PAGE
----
"Encountering situations where things are broken and being able to put things right is very rewarding – especially when helping a community through an incident or disaster, and so much is on the line."
Mike Ramos is Director of Engineering for Xylem’s Godwin Pumps. How does this connect him to the famous cave rescue of a Thai boys’ football team – and other major news events around the world?
In Whaley Bridge, UK, a dam collapses, sending 300 million gallons of water flooding into the streets.
In Dubai, unprecedented rainwater causes a series of floods.
And in Los Angeles where a fifth of the city’s water pipes were installed before 1931, a section of the sewers is on the brink of collapse.
In such cases, and many more around the globe, Xylem steps in, working with our customers every day to protect their communities from severe and often unexpected water challenges.
If you read the headlines, you’ll know that severe weather incidents are on the rise, due in part to the impacts of climate change. Storms and flooding are putting lives and local economies at risk – more often, in more places. My job is to partner with our customers to help move the water away from where it’s not wanted. We call this “dewatering” – it’s high-octane, high-stakes work where no day is the same.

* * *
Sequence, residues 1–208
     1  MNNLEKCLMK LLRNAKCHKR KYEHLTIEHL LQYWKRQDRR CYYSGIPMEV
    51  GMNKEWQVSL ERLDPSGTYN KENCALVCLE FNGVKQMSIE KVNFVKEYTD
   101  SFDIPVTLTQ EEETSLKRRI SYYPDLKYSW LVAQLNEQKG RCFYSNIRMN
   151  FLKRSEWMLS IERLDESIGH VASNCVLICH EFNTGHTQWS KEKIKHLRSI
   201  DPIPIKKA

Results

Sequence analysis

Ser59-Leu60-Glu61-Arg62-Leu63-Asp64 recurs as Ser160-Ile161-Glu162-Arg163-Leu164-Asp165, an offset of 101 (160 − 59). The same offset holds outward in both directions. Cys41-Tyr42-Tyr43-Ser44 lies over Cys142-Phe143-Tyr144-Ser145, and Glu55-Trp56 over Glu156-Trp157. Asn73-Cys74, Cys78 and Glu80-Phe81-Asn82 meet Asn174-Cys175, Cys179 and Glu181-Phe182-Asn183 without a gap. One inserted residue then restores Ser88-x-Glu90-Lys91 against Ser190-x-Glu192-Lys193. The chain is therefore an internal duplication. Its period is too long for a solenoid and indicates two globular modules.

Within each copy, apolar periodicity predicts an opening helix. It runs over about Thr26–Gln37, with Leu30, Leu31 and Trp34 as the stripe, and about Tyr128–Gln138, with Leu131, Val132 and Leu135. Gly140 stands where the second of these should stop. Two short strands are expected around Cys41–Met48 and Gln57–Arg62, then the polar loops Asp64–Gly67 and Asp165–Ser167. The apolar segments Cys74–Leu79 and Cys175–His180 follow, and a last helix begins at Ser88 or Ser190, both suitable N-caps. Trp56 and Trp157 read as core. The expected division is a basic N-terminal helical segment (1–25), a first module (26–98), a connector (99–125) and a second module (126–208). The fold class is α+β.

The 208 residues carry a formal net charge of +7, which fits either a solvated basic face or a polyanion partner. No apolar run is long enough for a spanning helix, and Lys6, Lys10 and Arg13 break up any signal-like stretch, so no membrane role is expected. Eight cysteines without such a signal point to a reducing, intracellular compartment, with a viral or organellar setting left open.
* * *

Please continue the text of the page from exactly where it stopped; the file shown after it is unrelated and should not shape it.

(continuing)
Ideally, our input starts well before the storm or catastrophe hits. We partner with customers to prepare communities at risk of inundation well in advance, helping them build resilience and infrastructure so that if disaster strikes, it can be resolved.
It’s always better to be ready, in advance. We do this by helping water utilities and other water users build contingency plans, and putting innovative tools and procedures in place so that we can move fast if the worst happens. These tools include some of the world’s most advanced pumping systems, distributed around the globe so we can get to businesses and communities when they need us. Due to Xylem’s global reach, we can mobilize at a moment’s notice and deploy dewatering and disaster response solutions to nearly anywhere around the world.
A powerful example was the famous case a couple of years back, when a group of young boys from a Thai football team and their coach became trapped in caves underground. For 18 days, the world waited breathlessly as rescuers searched for signs of life, then mounted a global effort to extract the boys from a deep underground cave system. Xylem was honored to lend our engineers to work with the Thai authorities to re-configure the dewatering pumps in place at the cave, increasing pumping capacity by 40 percent. This helped lower water levels in the cave, which was key to enabling the successful rescue effort. This video shows Xylem’s dewatering team returning to Chiang Rai to provide clean water access system for the community.
Another example of bringing in temporary equipment in response to the unexpected is how we help our customers when a sanitary main or sewer fails, or a municipal water supply is overwhelmed by a storm. Whatever the reason, we have to remove excess water – fast – and then partner with our customers to ensure their operations are up and running, so they can provide their communities with the clean water and reliable sanitation they need.